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Raiders' $1.8 Billion Las Vegas Stadium Just Went Up in Price

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The Raiders may be a long way from the Super Bowl in terms of the team they put on the field, but the Las Vegas stadium they’re set to move into just took a big step closer to hosting a Super Bowl, the Las Vegas Review-Journal reported last week.

Twenty new suites in the south end zone and a new 26,000-square-foot field-level club area will add $40 million to the already immense $1.8 billion cost of the stadium project.

And there’s some good news for fans and for taxpayers in Clark County, Nevada: The Raiders will be footing the entire $40 million bill.

The Raiders are hoping to host Super Bowl LIX in 2025, and having more luxury suites will go a long way toward getting a few licks in at the negotiating table against their competition.

The suites and the field-level club will cost $18 million by themselves.

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The other $22 million will go toward upgrades to the stadium design, including $4 million for better information technology, another $4 million for security and additional aesthetic upgrades, and $2 million for extra restrooms.

Throw in another $10 million for making the architecture at the stadium look better (inviting a lot of questions about how you skimp on making a $1.8 billion pleasure palace look pretty enough) and $2 million on what the Review-Journal referred to as “seating and building operations systems upgrades.”

Las Vegas Stadium Company Chief Operating Officer Don Webb said the upgrades were added to the plan after upper-tier ticket sales exceeded expectations.

“Normally a person in my position reporting to a public body such as yours has the unenviable task of telling you why the project is over budget because costs weren’t properly accounted for,” Webb said at the Las Vegas Stadium Authority’s May 23 meeting.

Will the Raiders make it to a Super Bowl before Las Vegas hosts one?

“That’s not what this is about,” Webb said. “This is good news, not bad news.”

Raiders president Marc Badain further broke down the effect the new additions will have on overall stadium capacity.

“It took out a few seats in that one end zone structure, a few hundred seats, but capacity will still be around 65,000,” Badain told the Review-Journal. “So it will be some fixed [seating] and some standing room only to get us up to that number.”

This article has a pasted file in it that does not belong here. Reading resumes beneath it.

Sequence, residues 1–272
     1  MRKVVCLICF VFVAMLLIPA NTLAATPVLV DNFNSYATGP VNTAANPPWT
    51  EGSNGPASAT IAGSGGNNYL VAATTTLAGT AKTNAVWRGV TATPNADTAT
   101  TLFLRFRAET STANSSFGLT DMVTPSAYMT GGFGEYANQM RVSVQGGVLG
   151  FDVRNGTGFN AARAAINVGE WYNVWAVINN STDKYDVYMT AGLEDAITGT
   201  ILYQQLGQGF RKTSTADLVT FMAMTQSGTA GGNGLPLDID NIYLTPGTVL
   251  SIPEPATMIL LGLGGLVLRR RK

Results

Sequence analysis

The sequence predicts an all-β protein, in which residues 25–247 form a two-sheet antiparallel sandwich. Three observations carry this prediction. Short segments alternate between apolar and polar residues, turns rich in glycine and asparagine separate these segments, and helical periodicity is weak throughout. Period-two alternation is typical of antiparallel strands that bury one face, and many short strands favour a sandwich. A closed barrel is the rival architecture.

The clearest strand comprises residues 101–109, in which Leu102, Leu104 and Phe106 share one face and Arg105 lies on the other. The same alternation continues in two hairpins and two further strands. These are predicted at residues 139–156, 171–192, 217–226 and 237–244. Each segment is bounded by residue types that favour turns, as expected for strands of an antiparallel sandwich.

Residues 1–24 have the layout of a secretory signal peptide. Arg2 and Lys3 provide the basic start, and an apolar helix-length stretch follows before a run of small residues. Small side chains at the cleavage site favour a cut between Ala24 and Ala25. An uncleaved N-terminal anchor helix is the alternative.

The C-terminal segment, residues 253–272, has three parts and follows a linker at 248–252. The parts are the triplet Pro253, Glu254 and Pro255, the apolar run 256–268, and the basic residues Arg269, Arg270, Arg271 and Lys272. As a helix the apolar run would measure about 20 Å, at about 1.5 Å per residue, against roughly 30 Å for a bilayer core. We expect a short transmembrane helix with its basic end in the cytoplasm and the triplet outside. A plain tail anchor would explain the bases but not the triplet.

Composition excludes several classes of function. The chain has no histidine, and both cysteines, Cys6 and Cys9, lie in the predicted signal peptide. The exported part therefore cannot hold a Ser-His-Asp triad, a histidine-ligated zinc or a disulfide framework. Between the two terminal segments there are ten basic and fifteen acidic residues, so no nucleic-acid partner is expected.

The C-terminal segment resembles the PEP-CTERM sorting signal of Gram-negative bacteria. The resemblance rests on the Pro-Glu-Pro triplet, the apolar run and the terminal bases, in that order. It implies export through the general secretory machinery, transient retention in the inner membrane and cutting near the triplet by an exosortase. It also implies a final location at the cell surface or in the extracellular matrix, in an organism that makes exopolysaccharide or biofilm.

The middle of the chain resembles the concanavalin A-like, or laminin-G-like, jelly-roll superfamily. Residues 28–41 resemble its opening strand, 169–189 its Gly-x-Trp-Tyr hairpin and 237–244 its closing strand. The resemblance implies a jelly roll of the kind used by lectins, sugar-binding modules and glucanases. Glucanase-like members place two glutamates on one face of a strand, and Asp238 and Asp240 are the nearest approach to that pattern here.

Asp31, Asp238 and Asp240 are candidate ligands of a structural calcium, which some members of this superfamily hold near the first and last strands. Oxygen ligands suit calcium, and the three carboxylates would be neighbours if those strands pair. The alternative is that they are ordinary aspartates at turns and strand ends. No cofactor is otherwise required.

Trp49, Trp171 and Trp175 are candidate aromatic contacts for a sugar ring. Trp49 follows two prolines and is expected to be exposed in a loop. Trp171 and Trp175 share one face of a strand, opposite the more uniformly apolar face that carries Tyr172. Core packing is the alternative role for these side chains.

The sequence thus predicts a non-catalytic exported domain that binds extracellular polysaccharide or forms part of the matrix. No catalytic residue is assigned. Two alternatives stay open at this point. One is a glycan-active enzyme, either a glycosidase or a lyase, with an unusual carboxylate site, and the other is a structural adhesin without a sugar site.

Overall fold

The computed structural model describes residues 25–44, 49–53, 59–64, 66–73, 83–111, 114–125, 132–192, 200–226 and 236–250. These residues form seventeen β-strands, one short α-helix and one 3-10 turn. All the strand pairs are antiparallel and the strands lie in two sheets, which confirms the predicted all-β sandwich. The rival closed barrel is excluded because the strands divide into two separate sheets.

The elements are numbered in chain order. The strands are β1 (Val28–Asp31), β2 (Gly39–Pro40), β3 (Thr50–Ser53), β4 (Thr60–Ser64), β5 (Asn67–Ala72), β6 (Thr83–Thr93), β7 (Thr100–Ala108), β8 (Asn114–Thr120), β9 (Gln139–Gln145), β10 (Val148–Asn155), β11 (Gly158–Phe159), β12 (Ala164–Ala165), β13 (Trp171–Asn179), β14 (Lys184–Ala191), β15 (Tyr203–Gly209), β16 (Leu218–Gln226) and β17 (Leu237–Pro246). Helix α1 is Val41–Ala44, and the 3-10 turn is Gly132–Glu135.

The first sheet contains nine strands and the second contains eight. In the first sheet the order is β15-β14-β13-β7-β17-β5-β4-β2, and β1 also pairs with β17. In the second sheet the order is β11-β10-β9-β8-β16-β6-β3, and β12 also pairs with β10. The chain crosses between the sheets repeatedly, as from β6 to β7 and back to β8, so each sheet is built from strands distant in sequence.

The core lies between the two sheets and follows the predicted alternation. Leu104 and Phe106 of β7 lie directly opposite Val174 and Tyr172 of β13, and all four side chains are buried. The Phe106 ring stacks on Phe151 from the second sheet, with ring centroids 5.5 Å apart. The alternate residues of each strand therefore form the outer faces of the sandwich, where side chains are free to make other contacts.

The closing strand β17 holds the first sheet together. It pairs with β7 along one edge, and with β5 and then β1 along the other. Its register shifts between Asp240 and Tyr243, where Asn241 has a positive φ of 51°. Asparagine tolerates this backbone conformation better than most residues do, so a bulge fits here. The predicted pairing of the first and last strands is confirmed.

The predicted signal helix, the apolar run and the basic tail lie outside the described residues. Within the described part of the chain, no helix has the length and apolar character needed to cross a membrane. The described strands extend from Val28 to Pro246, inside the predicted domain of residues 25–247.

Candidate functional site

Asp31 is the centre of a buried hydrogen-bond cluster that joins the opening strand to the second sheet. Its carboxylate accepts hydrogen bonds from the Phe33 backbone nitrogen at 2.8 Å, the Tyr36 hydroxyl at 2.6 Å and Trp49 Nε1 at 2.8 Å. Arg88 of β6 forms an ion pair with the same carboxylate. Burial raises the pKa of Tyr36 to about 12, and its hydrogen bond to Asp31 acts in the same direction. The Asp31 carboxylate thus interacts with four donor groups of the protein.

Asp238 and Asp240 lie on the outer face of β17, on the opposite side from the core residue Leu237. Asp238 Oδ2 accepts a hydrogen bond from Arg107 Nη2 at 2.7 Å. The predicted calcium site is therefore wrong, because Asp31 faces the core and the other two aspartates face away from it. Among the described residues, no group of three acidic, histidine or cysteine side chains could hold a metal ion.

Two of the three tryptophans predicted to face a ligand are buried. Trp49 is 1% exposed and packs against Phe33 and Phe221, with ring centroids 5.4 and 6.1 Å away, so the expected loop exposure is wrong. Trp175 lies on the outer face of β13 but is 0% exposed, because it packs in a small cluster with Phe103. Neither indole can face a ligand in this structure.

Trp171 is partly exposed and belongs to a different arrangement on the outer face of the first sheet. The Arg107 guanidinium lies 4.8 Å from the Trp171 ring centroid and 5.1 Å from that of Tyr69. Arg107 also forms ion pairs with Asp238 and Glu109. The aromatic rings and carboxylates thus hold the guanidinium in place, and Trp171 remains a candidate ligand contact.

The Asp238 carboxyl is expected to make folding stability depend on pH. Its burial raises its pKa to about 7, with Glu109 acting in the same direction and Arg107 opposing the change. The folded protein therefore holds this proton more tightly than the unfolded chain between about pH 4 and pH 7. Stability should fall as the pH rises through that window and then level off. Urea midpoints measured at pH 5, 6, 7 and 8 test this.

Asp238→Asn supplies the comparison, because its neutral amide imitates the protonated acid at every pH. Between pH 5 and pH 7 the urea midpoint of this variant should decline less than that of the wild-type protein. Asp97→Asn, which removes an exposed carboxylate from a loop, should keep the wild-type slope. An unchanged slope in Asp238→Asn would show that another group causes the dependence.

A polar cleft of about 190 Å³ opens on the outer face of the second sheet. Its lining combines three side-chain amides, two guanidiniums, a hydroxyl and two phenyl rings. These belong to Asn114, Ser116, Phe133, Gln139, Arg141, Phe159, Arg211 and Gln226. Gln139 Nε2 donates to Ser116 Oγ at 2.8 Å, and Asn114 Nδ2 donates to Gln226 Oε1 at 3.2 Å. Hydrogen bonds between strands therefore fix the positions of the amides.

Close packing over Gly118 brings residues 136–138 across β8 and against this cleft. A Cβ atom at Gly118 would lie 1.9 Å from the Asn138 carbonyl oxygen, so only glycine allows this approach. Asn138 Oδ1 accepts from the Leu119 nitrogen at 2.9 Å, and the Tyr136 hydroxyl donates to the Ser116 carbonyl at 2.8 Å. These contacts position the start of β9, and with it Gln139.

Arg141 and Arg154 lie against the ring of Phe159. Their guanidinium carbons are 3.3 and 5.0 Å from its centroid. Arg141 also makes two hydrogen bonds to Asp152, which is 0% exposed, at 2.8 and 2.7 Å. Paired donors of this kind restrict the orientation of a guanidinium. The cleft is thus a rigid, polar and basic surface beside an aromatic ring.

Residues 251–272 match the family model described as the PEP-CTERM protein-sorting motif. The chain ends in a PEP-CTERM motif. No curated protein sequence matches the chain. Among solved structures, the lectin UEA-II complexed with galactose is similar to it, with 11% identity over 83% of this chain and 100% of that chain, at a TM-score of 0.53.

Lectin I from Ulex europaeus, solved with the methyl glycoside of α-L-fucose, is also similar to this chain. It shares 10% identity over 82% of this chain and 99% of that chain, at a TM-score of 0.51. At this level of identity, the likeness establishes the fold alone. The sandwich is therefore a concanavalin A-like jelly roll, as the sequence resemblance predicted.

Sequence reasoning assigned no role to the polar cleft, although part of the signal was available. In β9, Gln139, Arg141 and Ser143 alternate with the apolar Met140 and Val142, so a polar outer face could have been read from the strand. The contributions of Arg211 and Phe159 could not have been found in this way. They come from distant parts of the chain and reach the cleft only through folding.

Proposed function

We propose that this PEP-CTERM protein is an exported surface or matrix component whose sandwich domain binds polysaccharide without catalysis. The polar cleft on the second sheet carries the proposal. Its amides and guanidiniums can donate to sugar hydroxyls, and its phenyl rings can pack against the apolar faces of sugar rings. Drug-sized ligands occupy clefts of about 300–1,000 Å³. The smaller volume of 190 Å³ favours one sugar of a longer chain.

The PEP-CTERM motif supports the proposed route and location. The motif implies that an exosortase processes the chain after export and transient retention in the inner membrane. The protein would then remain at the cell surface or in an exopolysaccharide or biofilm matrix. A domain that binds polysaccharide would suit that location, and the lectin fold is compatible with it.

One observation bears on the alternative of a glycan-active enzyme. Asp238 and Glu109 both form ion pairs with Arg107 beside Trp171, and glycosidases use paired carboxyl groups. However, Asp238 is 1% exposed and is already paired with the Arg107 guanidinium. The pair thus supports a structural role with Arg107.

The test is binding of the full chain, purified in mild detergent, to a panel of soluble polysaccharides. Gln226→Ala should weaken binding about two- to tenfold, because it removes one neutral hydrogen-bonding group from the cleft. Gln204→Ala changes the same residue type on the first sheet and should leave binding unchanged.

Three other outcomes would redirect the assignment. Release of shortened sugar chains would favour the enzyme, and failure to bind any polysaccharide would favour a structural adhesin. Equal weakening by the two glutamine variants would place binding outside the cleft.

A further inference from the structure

“It’s also good for the Super Bowl,” Badain said.

“The more suites you have, the better opportunity you have to bid for the Super Bowl. So we wanted to be responsive to the NFL, as we’re working on a bid for the 2025 Super Bowl.”

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Club seating is often bought up by local businesses as a corporate asset with which the sales department can woo would-be clients, but tickets for the Las Vegas stadium’s planned field-level club area will be sold quite differently.

“Those won’t be sold as a [personal seat license], those will be single-game product,” Badain said.

“So those won’t be season tickets,” he added.

The stadium is still on track to be completed by the July 31, 2020 deadline and should thus be ready for the Raiders by the start of the 2020 NFL season.

Additional revenue windfalls may be on the horizon for football in Las Vegas, as the team has sold 85 percent of its personal seat licenses, potentially putting the Raiders on track to zoom past their $290 million revenue goal.

If that happens, there may be more stadium improvements on the horizon.

“I do forecast it going above $290 million,” Badain said.

“[If the amount eclipses $290 million] That money will go back into the project.”

We have seen some truly ambitious stadium projects in football in recent years, with the Cowboys’ AT&T Stadium in the Dallas suburbs and the San Francisco 49ers’ new Levi’s Stadium in Santa Clara setting new benchmarks for sporting glory.

Might the new Las Vegas stadium surpass them both?

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Boston born and raised, Fox has been writing about sports since 2011. He covered ESPN Friday Night Fights shows for The Boxing Tribune before shifting focus and launching Pace and Space, the home of "Smart NBA Talk for Smart NBA Fans", in 2015. He can often be found advocating for various NBA teams to pack up and move to his adopted hometown of Seattle.
Boston born and raised, Fox has been writing about sports since 2011. He covered ESPN Friday Night Fights shows for The Boxing Tribune before shifting focus and launching Pace and Space, the home of "Smart NBA Talk for Smart NBA Fans", in 2015. He can often be found advocating for various NBA teams to pack up and move to his adopted hometown of Seattle.
Birthplace
Boston, Massachusetts
Education
Bachelor of Science in Accounting from University of Nevada-Reno
Location
Seattle, Washington
Languages Spoken
English
Topics of Expertise
Sports




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